Last month, an electricity shortage in South Australia left 40,000 people without power, despite the Australia Energy Market Operator (AEMO) issuing a request for generators to ramp up supply at least six hours in advance of anticipated outages. Since then, Federal Minister for Energy, Josh Frydenberg, and Prime Minister Malcolm Turnbull have seized upon the opportunity to attack the state's use of renewable energy sources.
In fact, treasurer Scott Morrison went as far as to wave around a lump of coal in Federal Parliament while goading his Labor opponents over the blackouts that took place in South Australia.
However, the situation caught the interest of Tesla boss Elon Musk who said that his company could solve the state's power problems within 100 days of being asked to assist. Interested in the story, Atlassian co-founder Mike Cannon-Brookes asked Musk directly over Twitter as to how serious he was about the proposition, to which the SpaceX CEO replied:
@mcannonbrookes Tesla will get the system installed and working 100 days from contract signature or it is free. That serious enough for you?— Elon Musk (@elonmusk) March 10, 2017
Since then, Prime Minster Turnbull managed to have a telephone conversation with Musk, which the politician described as a "great, in-depth discussion about energy storage".
However, local industry has been quick to call for a level playing field, particularly those who have been involved in the commercial development of the sector. In response to the conversation, Energy Storage Council Chief Executive, John Grimes, said:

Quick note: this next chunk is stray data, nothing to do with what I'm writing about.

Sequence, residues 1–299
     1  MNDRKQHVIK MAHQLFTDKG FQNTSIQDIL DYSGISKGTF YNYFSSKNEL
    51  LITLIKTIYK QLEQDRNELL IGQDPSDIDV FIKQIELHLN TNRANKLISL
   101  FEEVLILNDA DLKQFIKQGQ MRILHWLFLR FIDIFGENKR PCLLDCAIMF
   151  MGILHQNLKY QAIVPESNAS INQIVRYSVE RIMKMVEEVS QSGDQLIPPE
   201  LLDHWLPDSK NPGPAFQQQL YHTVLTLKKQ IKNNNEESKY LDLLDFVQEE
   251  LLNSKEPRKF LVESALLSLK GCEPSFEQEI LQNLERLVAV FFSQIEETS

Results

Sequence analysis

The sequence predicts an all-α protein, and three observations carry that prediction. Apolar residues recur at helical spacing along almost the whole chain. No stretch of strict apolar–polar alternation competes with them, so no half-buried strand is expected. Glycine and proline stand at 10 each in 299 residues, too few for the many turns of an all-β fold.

"We are slugging our guts out to build the business in this sector, but a tweet from Elon Musk grabs the government’s attention. I’m not saying Tesla should be excluded, but don’t fast-track a discussion with an overseas company when you have capability right here, right now, in Australia. Let there be a transparent bid process. And let’s give Australian companies a fair go."
While Tesla has been selling its Powerwall product in Australia for just over a year, it has also managed to bring online an 80MWh battery plant in Southern California at the end of January this year. Interestingly, the Californian energy solution comprised of nearly 400 Powerpacks and 24 inverters and was delivered in 88 days, making the prospect of delivering a 100MWh system for South Australia within 90 days somewhat achievable.
At the very least, the situation has highlighted that the Australian energy market may require some tweaking to make battery-backed capacity a more valuable proposition in terms of revenue in order to promote the technology.
Update: The article has been updated to reflect the correct storage capacities for the existing Californian and proposed South Australian energy storage solutions.
Source: The Guardian